Մատչելիության հղումներ

By Anush Dashtents
Armenia’s Central Election Commission said on Monday that it will “try” to publish a complete breakdown of vote results from all 2,000 polling stations, but stopped short of committing itself to the important anti-fraud measure suggested by Western election monitors.

“We are not going to take any formal decisions on that issue for the simple reason that our law doesn’t require that,” the CEC chairman, Artak Sahradian, said, arguing that Armenia’s current electoral legislation already provides for a transparent vote count and tabulation.

Sahradian claimed that publishing the results of Wednesday’s presidential election on a precinct-by-precinct basis could be seriously delayed because of logistical problems. “We will try to do that,” he told reporters. “We will just not formalize [the measure] with a decision.”

Opposition candidates have alleged in the past that election results in Armenia are falsified mainly during the tabulation and counting of votes, with government-controlled electoral bodies fixing numbers in vote protocols. The authorities always denied the charges. However, they never gave a complete breakdown of the official figures.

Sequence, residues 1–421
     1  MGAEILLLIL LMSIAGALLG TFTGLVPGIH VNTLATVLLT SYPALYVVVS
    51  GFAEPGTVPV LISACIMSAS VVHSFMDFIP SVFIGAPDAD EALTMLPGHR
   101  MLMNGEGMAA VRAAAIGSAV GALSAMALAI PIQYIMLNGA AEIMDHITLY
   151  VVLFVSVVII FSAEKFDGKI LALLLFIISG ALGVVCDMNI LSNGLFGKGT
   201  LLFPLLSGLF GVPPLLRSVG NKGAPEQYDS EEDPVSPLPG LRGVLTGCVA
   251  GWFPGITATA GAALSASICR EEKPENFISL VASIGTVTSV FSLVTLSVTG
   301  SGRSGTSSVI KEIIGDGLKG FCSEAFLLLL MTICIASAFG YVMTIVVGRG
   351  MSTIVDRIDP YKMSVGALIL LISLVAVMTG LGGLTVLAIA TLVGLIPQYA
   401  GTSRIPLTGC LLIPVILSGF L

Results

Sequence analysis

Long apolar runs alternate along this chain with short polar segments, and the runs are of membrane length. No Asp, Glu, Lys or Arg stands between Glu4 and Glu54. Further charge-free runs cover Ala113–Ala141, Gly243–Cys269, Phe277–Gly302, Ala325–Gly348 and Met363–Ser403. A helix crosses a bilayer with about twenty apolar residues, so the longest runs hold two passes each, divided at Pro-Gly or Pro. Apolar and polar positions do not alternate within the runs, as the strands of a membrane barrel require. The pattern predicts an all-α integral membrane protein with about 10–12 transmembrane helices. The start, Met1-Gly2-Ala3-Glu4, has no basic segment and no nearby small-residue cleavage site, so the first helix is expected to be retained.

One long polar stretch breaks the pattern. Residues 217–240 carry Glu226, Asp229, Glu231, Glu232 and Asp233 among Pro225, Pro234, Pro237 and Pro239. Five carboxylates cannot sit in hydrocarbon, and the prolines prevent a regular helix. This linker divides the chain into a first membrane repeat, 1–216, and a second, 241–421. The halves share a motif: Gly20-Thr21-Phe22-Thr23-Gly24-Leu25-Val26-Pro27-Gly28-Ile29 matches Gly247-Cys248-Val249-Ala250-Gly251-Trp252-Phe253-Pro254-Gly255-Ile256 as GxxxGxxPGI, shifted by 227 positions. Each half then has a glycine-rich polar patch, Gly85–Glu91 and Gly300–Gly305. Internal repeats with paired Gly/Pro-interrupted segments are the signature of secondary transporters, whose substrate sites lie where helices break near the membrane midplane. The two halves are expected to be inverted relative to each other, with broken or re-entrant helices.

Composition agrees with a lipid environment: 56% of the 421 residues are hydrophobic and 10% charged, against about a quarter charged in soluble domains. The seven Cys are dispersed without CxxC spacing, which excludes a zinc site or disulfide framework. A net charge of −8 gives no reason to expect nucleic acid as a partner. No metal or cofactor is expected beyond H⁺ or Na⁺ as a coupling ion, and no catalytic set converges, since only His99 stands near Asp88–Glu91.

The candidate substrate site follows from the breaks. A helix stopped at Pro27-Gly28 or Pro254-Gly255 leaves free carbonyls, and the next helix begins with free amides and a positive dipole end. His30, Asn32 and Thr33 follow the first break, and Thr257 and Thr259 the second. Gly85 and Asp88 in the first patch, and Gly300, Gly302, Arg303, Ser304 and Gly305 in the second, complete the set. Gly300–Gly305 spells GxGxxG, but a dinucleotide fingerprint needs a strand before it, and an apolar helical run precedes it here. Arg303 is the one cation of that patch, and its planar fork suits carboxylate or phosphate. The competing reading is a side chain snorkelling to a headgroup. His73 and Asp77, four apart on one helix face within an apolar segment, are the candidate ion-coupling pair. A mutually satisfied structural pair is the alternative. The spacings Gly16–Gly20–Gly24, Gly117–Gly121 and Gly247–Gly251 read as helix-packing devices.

The Organization for Security and Cooperation in Europe, which has deployed the largest international election monitoring mission in Armenia, believes that the measure would seriously complicate fraud. The U.S. ambassador to Armenia, John Ordway, has also strongly advocated it.

"It is an absolutely key control that allows every citizen to see that the results of their polling station were included accurately as the count went forward," the head of the OSCE mission, Peter Eicher, told RFE/RL late last month. "Very often, in countries where elections are manipulated, the manipulation is found not so much in the stuffing of ballot boxes, but rather that the results somehow change as they move up the tabulation process."

Sahradian also said that the CEC has turned down the OSCE mission’s request to allow its monitors to sit next to the members of low-level electoral commissions on the voting day. He said that could turn the electoral process into a “mess.”
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